From New England to Ohio: Everybody Loves a Banjo

Tuning up in between sets in the Madden Road music hall.

It is my deeply held belief, after growing up in Ohio and living much of my adult life in Massachusetts, that New Englanders and Midwesterners have a lot more in common than they realize. Maybe the populations of each respective state go in opposite directions at the voting booth (somebody has to vote for the other guy, right?) or fail to place quite the same premium on organic food, or the same premium on going to church, or…well, you get the picture. But what most of us fail to understand is that most Midwesterners are just New Englanders at heart, a few generations removed. My people, for instance, came from New Hampshire, just over the Massachusetts border, and my own grandfather was as Yankee as it is possible to be, cardigans and all — even though he was, technically-speaking, a born and bred Ohioan. As Midwesterners, our puritanical ways are your puritanical ways, only without the sophisticated veneer that people in New England have developed over the last hundred years or so, a polish on what used to be a hard way of life that involved livestock and growing food and a lot of Bible-reading, the things that occupied yesterday’s New Englanders every bit as much as they are perceived to occupy today’s Ohioans.

So when I go back to Ohio to participate in some sort of down-home activity, like hosting a local music festival, I don’t feel all that far removed from my life in Massachusetts. Everyone in New England loves the banjo as much as anybody back in Ohio — even if they’ve forgotten this fact. Making music, especially making music with acoustic instruments, takes all of us, every one of us, back to another time — a time when we had much more in common than we seem to have now. I realize this sounds overly simplistic, and no doubt it is, but there is an unmistakable ring of truth to it, especially when you feel the power of music in a setting that brings people together of different ages, political persuasions and even musical tastes — which is what happened at the festival in Ohio.

The 2011 Madden Road MusicFest took place on September 3rd in a little crossroads of a town called Mutual. We had a great time hanging out with old friends and strangers who came to make music. A few country touches (sunflowers and straw bales for seats) along with a building that served as a music hall in the perfect state of dereliction — somewhere between poetic and unsafe — made the day feel like it was supposed to feel: a community made of up individuals, usually cocooned inside their houses watching TV, coming together to make music, hang out, and eat grilled cheese sandwiches made with homemade bread, Amish cheese, and garden-fresh tomatoes and basil. And the tomatoes and basil were organic of course. See how much we have in common?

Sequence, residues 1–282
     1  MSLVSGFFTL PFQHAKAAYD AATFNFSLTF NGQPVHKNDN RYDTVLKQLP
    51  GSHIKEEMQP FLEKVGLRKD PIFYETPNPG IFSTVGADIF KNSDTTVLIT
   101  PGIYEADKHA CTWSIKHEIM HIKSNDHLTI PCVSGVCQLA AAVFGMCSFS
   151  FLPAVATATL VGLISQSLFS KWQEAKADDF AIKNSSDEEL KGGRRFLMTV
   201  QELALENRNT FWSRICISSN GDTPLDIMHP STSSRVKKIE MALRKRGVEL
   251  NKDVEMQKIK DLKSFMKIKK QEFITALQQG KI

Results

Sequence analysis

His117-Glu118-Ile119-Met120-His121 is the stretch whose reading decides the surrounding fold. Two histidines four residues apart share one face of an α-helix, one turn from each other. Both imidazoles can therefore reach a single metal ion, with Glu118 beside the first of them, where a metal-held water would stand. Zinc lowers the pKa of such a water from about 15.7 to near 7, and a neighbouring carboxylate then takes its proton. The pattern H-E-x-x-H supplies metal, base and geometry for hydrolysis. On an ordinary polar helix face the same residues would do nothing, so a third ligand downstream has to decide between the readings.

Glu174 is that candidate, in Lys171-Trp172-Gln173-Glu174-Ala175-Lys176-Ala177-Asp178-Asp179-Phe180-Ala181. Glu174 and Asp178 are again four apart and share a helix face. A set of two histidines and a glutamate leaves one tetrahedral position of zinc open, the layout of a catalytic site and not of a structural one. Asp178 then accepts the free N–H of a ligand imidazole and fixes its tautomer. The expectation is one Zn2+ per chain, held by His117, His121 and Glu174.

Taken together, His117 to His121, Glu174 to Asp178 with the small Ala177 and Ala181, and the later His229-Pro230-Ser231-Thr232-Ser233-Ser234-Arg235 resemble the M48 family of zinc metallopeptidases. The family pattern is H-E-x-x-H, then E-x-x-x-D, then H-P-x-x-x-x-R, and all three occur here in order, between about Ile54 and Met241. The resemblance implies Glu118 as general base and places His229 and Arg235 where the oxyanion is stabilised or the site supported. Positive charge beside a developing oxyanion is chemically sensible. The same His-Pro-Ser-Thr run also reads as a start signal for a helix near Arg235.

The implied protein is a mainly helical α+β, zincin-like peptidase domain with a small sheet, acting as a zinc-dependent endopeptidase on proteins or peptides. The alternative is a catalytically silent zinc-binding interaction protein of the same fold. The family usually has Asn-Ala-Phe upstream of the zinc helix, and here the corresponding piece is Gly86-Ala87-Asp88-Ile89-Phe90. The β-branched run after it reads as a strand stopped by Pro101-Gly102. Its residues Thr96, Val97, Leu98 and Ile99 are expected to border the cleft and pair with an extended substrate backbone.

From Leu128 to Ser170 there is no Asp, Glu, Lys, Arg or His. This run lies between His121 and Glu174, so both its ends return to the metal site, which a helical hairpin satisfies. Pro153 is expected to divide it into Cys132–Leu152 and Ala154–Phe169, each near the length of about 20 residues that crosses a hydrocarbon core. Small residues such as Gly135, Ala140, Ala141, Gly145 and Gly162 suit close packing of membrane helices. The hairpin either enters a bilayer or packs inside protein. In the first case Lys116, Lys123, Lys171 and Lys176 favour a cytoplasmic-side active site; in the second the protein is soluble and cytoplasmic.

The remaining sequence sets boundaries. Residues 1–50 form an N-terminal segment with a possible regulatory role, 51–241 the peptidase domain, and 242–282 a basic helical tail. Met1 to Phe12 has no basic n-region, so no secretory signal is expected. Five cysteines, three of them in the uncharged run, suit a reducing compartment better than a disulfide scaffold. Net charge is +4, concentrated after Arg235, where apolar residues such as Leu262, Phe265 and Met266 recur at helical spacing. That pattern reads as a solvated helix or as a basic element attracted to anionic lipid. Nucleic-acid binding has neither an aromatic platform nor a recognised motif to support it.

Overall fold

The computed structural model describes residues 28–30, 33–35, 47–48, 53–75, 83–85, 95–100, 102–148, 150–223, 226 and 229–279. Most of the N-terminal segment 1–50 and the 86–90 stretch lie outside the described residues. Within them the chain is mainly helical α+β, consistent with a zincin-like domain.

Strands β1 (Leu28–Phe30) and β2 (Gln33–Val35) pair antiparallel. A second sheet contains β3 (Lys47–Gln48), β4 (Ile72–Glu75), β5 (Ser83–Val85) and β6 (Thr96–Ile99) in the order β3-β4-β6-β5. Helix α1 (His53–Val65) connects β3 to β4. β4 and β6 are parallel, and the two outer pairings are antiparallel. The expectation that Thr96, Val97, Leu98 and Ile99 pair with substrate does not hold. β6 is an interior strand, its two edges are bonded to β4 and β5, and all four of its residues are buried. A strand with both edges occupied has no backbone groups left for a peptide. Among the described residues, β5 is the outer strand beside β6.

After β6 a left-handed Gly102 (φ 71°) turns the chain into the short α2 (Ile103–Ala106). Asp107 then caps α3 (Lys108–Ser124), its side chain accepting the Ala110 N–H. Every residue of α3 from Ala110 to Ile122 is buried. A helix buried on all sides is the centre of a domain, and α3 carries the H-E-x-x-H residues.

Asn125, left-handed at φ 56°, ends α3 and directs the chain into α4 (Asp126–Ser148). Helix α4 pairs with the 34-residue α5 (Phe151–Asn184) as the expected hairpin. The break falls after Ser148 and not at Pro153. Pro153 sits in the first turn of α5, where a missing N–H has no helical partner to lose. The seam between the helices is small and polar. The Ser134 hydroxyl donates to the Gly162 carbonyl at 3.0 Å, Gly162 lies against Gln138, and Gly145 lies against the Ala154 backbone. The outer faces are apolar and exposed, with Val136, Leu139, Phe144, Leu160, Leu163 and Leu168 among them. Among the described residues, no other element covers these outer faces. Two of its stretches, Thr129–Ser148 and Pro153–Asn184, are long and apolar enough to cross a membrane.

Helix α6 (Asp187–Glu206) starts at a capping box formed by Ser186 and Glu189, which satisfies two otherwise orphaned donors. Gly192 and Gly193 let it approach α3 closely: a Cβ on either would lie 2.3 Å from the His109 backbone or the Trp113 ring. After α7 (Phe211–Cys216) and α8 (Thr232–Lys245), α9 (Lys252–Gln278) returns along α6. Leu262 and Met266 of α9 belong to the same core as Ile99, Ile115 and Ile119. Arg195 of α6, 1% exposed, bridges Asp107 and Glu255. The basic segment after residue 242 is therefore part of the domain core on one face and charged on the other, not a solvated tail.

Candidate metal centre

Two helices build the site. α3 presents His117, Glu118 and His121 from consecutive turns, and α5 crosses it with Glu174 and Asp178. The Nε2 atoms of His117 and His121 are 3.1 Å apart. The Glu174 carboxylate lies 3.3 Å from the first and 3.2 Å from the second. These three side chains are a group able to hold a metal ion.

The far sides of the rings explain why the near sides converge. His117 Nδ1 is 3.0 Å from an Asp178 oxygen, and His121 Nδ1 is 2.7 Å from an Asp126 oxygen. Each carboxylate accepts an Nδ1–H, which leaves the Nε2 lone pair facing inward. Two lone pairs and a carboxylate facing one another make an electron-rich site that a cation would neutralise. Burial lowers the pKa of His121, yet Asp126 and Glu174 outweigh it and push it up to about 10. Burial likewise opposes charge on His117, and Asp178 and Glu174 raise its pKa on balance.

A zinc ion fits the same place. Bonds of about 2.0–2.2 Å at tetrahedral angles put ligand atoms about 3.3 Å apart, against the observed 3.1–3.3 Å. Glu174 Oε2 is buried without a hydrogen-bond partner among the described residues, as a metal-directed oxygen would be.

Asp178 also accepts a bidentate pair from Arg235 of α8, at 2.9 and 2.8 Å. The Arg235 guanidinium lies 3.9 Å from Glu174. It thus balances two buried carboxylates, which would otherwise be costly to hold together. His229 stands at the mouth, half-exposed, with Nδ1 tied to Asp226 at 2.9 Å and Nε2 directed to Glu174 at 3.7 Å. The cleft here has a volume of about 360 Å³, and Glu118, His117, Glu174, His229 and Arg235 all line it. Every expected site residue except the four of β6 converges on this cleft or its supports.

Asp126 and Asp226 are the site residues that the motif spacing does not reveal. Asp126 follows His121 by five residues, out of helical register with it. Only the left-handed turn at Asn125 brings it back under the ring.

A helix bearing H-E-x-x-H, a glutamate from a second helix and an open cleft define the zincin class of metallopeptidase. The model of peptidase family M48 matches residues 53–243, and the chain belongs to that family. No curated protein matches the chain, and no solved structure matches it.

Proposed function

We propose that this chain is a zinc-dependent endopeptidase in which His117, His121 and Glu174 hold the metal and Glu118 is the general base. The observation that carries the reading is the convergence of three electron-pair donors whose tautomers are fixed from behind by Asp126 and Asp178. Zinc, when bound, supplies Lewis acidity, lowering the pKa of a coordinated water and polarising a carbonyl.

For a great summary of the day, check out this lovely post from the blog Champaign Uncorked.

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Madden Road MusicFest photos courtesy of Allison Marie Photography, Adam Caouette and Tiffany Eckhardt.

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4 thoughts on “From New England to Ohio: Everybody Loves a Banjo

  1. great blog, sarah! a few phrases i enjoyed: “our puritanical ways are your puritanical ways”, only without the sophisticated veneer” , “some sort of down-home activity”, and “the perfect state of dereliction”…

    sorry i missed it. :-(

  2. […] There’s nothing like inhaling 150-year-old plaster dust and a fine film of dried bird droppings to wake you up to the realities of rehabbing an old building. The American vogue for tearing structures down to erect new ones lined with brand-new drywall and vinyl siding seems briefly appealing. And then you remember why you’re doing this: old buildings such as this one are truly irreplaceable. Entering the 19th century structure we’re working on, a two story brick Georgian-style with enormous windows, gives a sense of history not contained in any book. You recall another time, a time when the crossroads of Mutual, Ohio was vibrant enough to warrant a building like this as its own Town Hall and community center, where people came in from their farms to watch basketball games and whatever else took place at this spot. Watching the building come to life again is a privilege of local proportions, shared in the most modern, universal way possible — online — the community of Mutual expanding to include anyone in the world who stumbles on this site to see a small relic of our rural American past, emerging from under a thick layer of neglect and plaster dust. (Postscript: To read about the Music Festival, click here.) […]

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